Boy bitten by rattlesnake upgraded to serious condition

GOOSE CREEK, SC (WCSC) - An 8-year-old boy who was bit by a rattlesnake at Wannamaker County Park last week has been upgraded to serious condition Tuesday.

Family members say Zach Szalas ran off a trail and stepped onto the snake. Zach was rushed to MUSC where he received more than 30 vials of anti-venom, but he still can't breathe on his own or open his eyes. He was upgraded to serious condition Tuesday from critical.

"The first thing I saw was the rattle," Ansley Crabtree said.

Crabtree, of Goose Creek, said she immediately knew her nephew, Zach Szala, had been bitten by a rattlesnake.

She had taken Zach, along with his sister and their two cousins, to Wannamaker Park in North Charleston last Wednesday. She said Zach ran off the path and stepped on the rattlesnake. It bit him twice in the leg. Crabtree said he immediately began to lose consciousness and had trouble breathing.

"This whole thing has been surreal because you only see these things in movies," Crabtree said.

She said doctors later told her it was a Timber Rattlesnake, and judging by the two-inch bite on Zach's leg, doctors told her the snake was probably about six feet long.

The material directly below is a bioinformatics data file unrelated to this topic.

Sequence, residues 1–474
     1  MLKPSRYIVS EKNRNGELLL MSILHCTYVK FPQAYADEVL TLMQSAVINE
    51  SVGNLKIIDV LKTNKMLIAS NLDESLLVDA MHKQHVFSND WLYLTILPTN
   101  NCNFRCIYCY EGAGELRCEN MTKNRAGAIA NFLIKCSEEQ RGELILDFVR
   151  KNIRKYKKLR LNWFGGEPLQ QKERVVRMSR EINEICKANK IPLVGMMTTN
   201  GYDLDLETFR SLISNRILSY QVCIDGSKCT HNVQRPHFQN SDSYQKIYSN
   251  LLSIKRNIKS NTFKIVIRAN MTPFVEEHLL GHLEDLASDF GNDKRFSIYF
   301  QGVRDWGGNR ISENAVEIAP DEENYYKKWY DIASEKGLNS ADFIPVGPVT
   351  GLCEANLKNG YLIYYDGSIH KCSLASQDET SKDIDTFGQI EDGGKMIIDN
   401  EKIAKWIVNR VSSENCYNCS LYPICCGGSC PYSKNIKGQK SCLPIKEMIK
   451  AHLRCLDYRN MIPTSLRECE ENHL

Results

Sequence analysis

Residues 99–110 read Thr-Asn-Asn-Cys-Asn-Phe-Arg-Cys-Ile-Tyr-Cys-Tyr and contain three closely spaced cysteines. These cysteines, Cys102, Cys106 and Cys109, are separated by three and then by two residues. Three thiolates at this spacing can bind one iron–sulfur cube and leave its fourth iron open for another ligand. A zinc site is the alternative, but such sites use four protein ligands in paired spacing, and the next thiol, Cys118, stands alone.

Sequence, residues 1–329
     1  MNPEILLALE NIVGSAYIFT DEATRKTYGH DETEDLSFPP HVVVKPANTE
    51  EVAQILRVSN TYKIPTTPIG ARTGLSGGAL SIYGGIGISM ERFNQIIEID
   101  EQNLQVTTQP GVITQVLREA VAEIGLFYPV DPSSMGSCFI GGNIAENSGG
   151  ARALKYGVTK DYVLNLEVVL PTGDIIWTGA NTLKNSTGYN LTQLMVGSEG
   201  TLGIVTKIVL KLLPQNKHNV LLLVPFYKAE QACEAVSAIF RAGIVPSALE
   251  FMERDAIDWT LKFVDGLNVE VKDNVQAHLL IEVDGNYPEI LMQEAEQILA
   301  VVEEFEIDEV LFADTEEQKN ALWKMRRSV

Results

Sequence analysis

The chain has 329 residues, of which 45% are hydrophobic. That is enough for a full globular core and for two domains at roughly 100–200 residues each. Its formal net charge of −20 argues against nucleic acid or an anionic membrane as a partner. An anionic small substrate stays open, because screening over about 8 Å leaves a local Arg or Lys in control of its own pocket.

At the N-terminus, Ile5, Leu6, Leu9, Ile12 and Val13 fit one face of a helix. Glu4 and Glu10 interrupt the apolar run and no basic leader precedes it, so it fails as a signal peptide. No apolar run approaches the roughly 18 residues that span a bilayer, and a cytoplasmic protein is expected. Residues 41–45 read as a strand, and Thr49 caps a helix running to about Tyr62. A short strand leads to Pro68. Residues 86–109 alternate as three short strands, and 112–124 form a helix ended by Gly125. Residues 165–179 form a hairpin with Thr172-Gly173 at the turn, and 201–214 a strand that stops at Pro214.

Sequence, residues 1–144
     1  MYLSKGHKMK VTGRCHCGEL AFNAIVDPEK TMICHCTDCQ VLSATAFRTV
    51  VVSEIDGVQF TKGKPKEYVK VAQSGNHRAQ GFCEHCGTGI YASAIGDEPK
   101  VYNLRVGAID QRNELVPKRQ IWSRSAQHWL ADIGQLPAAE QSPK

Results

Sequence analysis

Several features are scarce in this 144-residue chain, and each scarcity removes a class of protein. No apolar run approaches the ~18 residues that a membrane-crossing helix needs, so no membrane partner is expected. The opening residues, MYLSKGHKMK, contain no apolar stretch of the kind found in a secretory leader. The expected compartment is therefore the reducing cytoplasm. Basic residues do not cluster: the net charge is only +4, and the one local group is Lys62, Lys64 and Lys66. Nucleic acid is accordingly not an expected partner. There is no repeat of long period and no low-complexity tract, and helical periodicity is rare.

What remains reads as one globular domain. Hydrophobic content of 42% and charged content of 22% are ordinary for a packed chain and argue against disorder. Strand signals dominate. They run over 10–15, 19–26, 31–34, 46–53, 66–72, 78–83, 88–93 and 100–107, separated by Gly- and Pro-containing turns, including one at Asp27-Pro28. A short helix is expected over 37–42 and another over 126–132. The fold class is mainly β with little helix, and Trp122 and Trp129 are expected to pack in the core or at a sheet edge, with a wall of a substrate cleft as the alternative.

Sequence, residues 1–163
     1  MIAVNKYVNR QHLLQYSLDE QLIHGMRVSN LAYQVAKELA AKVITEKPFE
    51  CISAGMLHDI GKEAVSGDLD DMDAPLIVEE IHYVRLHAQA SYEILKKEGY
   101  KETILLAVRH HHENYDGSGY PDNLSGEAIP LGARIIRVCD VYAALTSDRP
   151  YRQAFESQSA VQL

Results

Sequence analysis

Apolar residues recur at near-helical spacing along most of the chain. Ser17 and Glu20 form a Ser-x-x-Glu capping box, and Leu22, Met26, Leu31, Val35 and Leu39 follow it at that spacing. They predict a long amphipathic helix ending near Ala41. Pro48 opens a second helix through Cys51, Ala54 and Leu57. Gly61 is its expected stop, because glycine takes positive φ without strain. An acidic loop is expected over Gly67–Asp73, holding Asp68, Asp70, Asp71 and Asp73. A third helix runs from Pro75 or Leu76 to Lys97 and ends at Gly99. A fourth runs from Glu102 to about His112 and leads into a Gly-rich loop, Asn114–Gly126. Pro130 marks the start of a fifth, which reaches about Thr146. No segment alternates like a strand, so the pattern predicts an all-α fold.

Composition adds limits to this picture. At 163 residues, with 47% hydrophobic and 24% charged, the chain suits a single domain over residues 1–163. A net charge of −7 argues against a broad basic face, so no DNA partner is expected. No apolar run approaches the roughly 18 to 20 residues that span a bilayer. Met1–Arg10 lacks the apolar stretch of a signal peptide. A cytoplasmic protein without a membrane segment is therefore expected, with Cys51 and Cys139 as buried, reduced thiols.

Zach was rushed to MUSC, and Crabtree said he's received over 30 vials of anti-venom but still cannot breath on his own or even open his eyes.

"They say this is the worst bite they've seen or dealt with at MUSC," Crabtree said.

An emergency room doctor at MUSC, who wouldn't comment on Zach's case specifically, said most children and adults make a full recovery from snake bites.

"There's only five or six deaths from rattlesnake bites in the U.S. per year, and that's with a lot of different bites, so it's rarely fatal and you can usually make an excellent recovery with the anti-venom," Dr. Keith Borg said.

Crabtree said it's just a waiting game for the anti-venom to kick-in. She said in the meantime, she wants all parents to learn a valuable lesson.

"I really just want the moms to be aware there are poisonous snakes out there and not to let their kids go off the path," Crabtree said.

Tom O'Rourke, the Executive Director of Charleston County Parks and Recreation, said he's never seen anyone bitten by a rattlesnake in his 10 years on the job.

He said park officials didn't kill the rattlesnake that bit Zach because with the park being 10-thousand acres, it'd be impossible to kill every poisonous snake.

But O'Rouke said it's a terrible situation, and his thoughts are with Zach and his family.

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